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Future interstate study potentially worth ‘billions’
by Garrett E. Valenzuela
Jul 24, 2013 | 2304 views | 0 0 comments | 22 22 recommendations | email to a friend | print
The graphic at left illustrates 
possible routes the proposed I-11 could utilize in northern Nevada. The interstate could link with I-5, which travels through Washington, Oregon and California, combining for 17 percent of the U.S. GDP, which could benefit the Reno-Sparks area immensely.
The graphic at left illustrates possible routes the proposed I-11 could utilize in northern Nevada. The interstate could link with I-5, which travels through Washington, Oregon and California, combining for 17 percent of the U.S. GDP, which could benefit the Reno-Sparks area immensely.
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The Nevada and Arizona departments of transportation are in the midst of a major corridor study in connecting Phoenix, Ariz. and Las Vegas, and adding north and south routes from both major United States cities, with a new Interstate Highway dubbed I-11. It’s relevance to Sparks, Reno and northern Nevada is potentially worth billions of dollars.

The portion of the I-11 heading north through Nevada, and eventually on to Canada, has five proposed corridors to connect with the the ‘Intermountain West’ and possibly I-5 running through Washington, Oregon and California. The three-state stretch of I-5 is responsible for a major chunk of the country’s gross domestic product (GDP) with its freight and rail transit of goods from other countries.

“That (potential) corridor of 125 miles is responsible for 17 percent of the GDP of this country. That’s a lot of money, and that corridor is clogged,” Sparks City Councilman Ron Smith said Wednesday morning.

Smith first caught wind of the NDOT and ADOT I-11 study a few months ago and he requested a presentation to the Regional Planning Commission and its Board of Trustees, for which he currently holds a seat. While the project is in its infancy, he said linking Sparks and Reno with freight traffic heading north from Mexico and Los Angeles would bring countless benefits to the northern Nevada area.

“In all reality, this thing won’t be finished for 20 or 25 years,” Smith said. “This thing has the potential to impact this area by billions of dollars. I am saying billions, and I mean billions. We have the natural hub on I-80 with easy access to California, and if we can extend that 125 miles to 250 miles then we are in that corridor.

“If you build a freeway system coming through our area, and I am hoping between Reno and USA Parkway, what happens is you get businesses that locate alongside the freeway. That includes a number of jobs coming in as well.”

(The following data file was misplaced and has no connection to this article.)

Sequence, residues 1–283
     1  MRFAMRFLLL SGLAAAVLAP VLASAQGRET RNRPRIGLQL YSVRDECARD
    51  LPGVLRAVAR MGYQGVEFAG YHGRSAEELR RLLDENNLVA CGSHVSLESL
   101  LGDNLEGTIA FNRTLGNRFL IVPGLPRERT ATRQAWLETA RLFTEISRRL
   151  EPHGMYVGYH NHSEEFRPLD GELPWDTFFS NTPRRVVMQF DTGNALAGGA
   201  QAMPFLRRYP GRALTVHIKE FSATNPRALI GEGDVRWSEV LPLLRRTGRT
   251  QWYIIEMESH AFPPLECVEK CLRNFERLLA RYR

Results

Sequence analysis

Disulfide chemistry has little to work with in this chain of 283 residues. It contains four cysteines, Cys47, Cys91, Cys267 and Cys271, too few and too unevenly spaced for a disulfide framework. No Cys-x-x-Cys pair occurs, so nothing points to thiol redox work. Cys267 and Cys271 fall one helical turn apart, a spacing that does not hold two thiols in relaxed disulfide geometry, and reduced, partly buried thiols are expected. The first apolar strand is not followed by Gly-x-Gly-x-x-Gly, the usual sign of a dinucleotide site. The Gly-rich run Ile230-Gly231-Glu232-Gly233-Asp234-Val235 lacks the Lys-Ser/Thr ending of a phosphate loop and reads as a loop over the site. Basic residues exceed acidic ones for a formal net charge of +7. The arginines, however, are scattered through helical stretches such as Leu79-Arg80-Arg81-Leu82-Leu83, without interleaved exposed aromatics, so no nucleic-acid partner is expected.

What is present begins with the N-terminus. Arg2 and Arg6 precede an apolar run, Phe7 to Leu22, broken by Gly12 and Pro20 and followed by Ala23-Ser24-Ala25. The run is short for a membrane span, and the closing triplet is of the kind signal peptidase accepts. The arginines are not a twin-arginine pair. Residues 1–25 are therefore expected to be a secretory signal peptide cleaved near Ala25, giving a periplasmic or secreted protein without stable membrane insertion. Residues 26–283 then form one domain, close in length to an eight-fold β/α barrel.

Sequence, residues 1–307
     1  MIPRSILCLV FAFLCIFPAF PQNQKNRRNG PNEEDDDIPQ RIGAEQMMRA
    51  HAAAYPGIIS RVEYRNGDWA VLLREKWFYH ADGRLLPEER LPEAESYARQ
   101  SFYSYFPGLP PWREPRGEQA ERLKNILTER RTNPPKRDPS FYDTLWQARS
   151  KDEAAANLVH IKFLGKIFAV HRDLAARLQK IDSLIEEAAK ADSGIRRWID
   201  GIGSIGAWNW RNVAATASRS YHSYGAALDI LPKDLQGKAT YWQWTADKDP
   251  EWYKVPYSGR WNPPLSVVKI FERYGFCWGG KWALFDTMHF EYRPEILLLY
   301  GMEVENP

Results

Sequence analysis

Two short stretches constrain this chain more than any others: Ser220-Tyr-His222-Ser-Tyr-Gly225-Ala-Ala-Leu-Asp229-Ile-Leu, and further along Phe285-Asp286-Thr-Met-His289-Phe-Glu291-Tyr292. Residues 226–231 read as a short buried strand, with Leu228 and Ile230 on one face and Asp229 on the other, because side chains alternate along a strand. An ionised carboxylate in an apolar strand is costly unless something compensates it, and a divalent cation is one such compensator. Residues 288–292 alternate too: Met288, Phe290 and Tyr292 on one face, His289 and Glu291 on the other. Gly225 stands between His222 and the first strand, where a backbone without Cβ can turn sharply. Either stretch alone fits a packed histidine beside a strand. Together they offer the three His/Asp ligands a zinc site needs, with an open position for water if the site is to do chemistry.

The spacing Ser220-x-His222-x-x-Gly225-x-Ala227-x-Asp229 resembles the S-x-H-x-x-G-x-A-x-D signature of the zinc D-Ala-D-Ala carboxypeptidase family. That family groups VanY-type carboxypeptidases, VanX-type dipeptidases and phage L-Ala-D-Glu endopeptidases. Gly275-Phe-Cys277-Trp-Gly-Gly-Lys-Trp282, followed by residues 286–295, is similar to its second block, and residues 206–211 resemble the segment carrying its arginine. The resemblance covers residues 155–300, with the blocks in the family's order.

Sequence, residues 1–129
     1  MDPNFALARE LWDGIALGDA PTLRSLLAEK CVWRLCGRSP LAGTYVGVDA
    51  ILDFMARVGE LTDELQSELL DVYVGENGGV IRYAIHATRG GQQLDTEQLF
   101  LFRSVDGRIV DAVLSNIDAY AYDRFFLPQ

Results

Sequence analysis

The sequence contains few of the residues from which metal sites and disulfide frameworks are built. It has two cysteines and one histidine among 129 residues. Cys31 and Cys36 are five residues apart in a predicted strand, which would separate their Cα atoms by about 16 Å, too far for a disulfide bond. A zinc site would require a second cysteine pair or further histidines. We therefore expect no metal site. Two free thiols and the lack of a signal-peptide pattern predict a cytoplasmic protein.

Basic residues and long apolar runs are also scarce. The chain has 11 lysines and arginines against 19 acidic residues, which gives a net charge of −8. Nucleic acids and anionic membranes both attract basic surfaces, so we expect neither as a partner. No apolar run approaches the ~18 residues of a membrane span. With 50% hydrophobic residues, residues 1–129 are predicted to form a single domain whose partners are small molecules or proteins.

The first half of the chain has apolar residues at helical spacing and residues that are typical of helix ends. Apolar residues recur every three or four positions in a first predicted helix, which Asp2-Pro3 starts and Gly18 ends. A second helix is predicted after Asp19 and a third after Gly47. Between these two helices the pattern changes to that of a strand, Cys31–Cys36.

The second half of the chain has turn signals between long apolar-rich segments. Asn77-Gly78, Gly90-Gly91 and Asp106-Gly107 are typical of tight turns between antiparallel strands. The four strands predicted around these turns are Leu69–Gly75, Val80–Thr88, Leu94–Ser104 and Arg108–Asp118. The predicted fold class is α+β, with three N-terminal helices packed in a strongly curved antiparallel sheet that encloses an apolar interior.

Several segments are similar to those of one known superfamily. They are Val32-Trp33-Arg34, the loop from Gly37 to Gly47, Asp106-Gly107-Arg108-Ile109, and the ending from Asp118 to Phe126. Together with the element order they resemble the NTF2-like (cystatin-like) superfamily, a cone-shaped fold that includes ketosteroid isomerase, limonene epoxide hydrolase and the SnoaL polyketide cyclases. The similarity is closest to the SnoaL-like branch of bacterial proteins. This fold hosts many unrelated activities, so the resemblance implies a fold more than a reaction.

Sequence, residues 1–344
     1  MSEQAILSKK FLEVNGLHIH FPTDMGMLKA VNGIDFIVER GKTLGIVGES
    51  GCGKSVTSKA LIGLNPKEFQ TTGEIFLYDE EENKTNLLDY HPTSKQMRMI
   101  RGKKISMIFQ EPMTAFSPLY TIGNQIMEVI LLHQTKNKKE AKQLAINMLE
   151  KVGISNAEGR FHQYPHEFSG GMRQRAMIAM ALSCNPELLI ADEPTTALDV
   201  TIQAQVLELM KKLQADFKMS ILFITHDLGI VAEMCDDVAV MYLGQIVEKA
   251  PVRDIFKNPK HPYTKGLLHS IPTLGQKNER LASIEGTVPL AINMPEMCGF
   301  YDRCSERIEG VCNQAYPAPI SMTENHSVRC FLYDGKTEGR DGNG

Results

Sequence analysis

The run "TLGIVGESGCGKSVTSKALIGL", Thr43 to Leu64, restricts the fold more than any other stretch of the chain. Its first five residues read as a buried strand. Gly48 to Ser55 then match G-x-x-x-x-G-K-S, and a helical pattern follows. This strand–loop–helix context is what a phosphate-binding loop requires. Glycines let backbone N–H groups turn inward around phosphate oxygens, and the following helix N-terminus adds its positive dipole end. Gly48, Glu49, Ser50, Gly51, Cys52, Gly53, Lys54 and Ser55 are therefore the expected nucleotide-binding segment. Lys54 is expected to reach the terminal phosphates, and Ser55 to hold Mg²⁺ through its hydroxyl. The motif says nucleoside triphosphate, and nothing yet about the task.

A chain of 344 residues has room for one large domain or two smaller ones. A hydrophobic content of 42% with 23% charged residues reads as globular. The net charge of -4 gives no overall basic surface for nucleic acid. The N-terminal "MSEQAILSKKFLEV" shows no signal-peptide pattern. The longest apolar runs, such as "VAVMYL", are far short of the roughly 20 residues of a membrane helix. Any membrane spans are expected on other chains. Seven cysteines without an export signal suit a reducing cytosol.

Literature produced by the departments of transportation in Nevada and Arizona said the project has been planned for decades and it began discussions with Canada and Mexico in 1991, which was about the same time Nevada became an equal partner with Arizona for the Nevada corridor.

The study continues to examine existing roadway, land acquisitions for new roadways and possible routes, one of which could be the newly built Hoover Dam Bypass and Mike O’Callaghan – Pat Tillman Memorial Bridge in southern Nevada. Proposed routes, aside from the Reno-Sparks route, could take the I-11 through central or eastern Nevada, but Smith said this area’s existing transportation routes will be a benefit to any new roadways.

“As I look at this, and of course I live here and I am an elected official here, I think that they can’t make any other decision except to come up this way,” Smith said.

Plenty of research is still to come on freeway and railroad options for the I-11, and the RTC will meet with NDOT in Carson City in September to discuss the project at length in hopes of bringing the new road through Sparks and Reno. Because so much of the project is still undetermined, Smith said the best thing the public can do right now is show interest in the project.

“The main focus right now is we need to get both City Council’s members, the Mayors and the County Commission on board with this,” Smith said, adding that he and County Commissioner Marsha Berkbigler attended a webinar on Monday. “We don’t want to lose this corridor to another part of Nevada because we didn’t try. It’s got to be because we tried and the corridor going in that area is better than going in this corridor, and I can’t imagine that it would be. We are situated perfectly, we have better weather than they do in eastern Nevada year-round.”

Smith hopes the decision on which area of Nevada will be used for continued study of I-11 will be made by October. The RTC and NDOT Concurrent Meeting in September will be a major chance for stakeholders to voice any questions or comments about the project. Smith said his concern is that because the actual construction of the road will not come for another two decades, that the public will not show interest in the project.

“I think the important thing is as a community we have to get behind this project,” he said. “All of the little stuff that stops projects is little and we can get around that stuff, so this is too big of a deal to say ‘Oh, let them go where they are going to go.’

“People can say this project needs to be planned now even though it is 20 years in the future. It deserves the community to back it up.”
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